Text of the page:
You are here

On Transgender Day of Visibility

“What people still don’t understand is that the important thing is identity. You don’t [transition] for sexual reasons, you do it because of who you are.” - Christine Jorgensen

March 31, 2022 marks the 13th international Transgender Day of Visibility. The holiday was founded in 2009 by transgender activist Rachel Crandall in an effort to raise awareness, induce moral responsibility, and educate the public on transgender, two-spirit, and nonbinary gender identity issues. 

Ascend is proud to stand in solidarity with the transgender, nonbinary, and two-spirit communities against hate and discrimination on the basis of sex, gender identity, and sexual orientation. We are committed in our support of the transgender individuals who fight every day towards greater equity, dignity, and freedom of mobility. 

To our nonbinary community members who participate in our climbing, yoga, fitness, and community programming, we see you. We value you, and we will continue to advocate for the change, representation and quality of life you deserve. 

Considerations On Transgender Day of Visibility

Transgender Day of Visibility is an important addition to Trans Day of Rememberance– a long-standing day of mourning the members of the transgender community who have lost their lives to transphobic violence. Today offers an opportunity for us to celebrate the accomplishments of nonbinary individuals and further advocate for increased representation, equitable treatment, and improved policy legislation in allyship with the transgender community. 

A Brief Timeline of Transgender Milestones in the U.S.A

  • The first person to undergo gender confirmation surgery in the U.S.A was Christine Jorgenson (1952), a model and actress who was subsequently outed without her consent by the media. 

  • In 1966 Harry Benjamin published “The Transsexual Phenomenon.” A first-of-its-kind publication that outlined how transgender people could medically transition. 

  • The Stonewall Riots of 1969 shone a spotlight on the harassment, violence, and discrimination faced by LGBTQIA+ individuals at the hands of law enforcement. 

  • Marsha P. Johnson initiated the Street Transvestite Action Revolutionaries (STAR House) in 1970 to advocate for and shelter unprotected transgender people.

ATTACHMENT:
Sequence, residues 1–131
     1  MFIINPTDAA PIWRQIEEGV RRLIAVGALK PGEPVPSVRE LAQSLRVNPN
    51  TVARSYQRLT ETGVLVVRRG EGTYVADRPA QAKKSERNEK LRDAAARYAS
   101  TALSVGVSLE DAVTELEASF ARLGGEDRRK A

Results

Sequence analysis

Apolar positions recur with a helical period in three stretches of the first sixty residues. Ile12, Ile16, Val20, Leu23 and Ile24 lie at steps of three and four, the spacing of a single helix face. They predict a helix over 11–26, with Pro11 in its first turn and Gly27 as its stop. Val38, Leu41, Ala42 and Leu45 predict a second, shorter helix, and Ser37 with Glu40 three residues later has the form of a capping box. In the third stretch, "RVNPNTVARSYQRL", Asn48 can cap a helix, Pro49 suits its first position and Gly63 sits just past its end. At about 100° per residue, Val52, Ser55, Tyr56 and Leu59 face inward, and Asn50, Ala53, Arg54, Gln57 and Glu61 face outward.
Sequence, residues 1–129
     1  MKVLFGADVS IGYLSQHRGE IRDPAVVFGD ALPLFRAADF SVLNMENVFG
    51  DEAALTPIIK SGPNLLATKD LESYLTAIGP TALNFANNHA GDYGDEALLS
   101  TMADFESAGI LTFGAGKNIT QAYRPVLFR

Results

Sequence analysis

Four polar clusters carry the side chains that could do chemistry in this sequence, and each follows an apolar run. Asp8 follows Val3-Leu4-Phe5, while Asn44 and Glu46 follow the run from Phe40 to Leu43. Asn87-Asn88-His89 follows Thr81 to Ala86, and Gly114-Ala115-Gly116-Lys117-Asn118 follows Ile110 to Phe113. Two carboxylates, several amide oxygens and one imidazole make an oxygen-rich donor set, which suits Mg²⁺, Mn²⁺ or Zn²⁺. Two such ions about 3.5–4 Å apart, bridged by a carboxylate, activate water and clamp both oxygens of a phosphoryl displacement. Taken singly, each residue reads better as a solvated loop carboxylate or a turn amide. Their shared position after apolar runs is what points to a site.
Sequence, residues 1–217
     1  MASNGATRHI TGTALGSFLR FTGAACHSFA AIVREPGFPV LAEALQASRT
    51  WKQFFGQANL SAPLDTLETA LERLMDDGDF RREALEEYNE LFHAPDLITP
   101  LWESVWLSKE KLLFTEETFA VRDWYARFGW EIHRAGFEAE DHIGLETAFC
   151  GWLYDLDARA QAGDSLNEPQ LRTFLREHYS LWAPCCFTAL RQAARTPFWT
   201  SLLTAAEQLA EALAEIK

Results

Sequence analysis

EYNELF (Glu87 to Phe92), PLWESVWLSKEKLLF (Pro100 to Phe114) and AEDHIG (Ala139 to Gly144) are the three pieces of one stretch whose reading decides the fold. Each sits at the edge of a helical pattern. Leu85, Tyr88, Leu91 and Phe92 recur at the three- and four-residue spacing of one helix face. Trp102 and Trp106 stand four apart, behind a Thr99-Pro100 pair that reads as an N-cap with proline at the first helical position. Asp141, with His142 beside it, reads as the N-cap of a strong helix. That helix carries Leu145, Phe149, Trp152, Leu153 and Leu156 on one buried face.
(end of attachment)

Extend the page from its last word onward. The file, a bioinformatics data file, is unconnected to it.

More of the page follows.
• Renée Richards became the first transgender woman to compete at the United States Open tennis tournament in 1977 after being barred in 1976

  • In 2004, transgender identities were legally recognized in the U.S.A  with the passing of  Bill A5465D– colloquilly known as the Gender Recognition Act. The bill effectively repealed various barriers to drivers licenses and other official forms of government ID. 

  • It was not until 2019 that the World Health organization (W.H.O) removed “transexualization” from their list of mental health disorders and introduced the term “gender incongruence” to the standing list of  sexual health categories in the International Statistical Classification of Diseases and Related Health Problems.

  • In November of 2020, trans climber Lor Sabourin became the first trans AFAB athlete to send an outdoor 5.13+ trad route. 

More to Consider


Trans Climbing Coalition: A community-led rock climbing organization committed to bringing transgender climbers together in a safe space.

Transathlete: A virtual resource for transgender students, athletes, coaches, and administrators to access information regarding transgender athlete inclusion in sports at the k-12, college, and professional levels. 

Lady Crush Crew: A nonprofit organization dedicated to leading outdoor climbing events for trans, two-spirit, and cisgender women including trail and neighborhood cleanups, national parks stewardship, and opportunities for athletes to secure brand sponsorships. 


PGH Equality Center: A Pittsburgh-based organization promoting education, advocacy, and social justice for LGBTQIA+ people and allies in the Western PA region.

Allegheny Health Network Center for Inclusion Health: The Allegheny Health Network has expanded to include relevant, compassionate resources and services for transgender individuals in our region.

Equality Ohio: Ohio’s only organization dedicated solely to the civil rights of LGBTQ Ohioans. This nonprofit works with partners across the wide landscape of the Ohio social justice movement to ensure that local laws reflect and protect LGBTQ residents.

Full Spectrum Community Outreach: An LGBTQIA+ wellness center based in Youngstown, Ohio. 

SisTers PGH: Sisters PGH in a Black and Trans led nonprofit serving QTBIPOC (Queer Trans Black + Indigenous People of Color) in the Southwestern PA region. 


ACLU: A nonprofit, nonpartisan, legal and advocacy 501(c)(4) org. Donations via Instagram stickers benefit the ACLU Foundation, an affiliated 501(c)(3) org.

The Name Change Project: A nonprofit organization offering pro bono legal name change services to low-income transgender, non-binary, and gender nonconforming individuals across the U.S.A..

National Center for Transgender Equality: A transgender-centered organization advocating to change policies and society to increase understanding and acceptance of transgender people. Current NCTE projects include the Racial and Economic Justice Initiative (REJI), the Trans Legal Services Network (TLSN), Voices for Trans Equality (VTE), and Families for Trans Equality (FTE). 

Trans Lifeline: Trans Lifeline (877-565-8860) is a 24/7 hotline available in the U.S. and Canada staffed by transgender people for transgender people.


Equity + Outreach at ASCEND

By Rachel Stachelrodt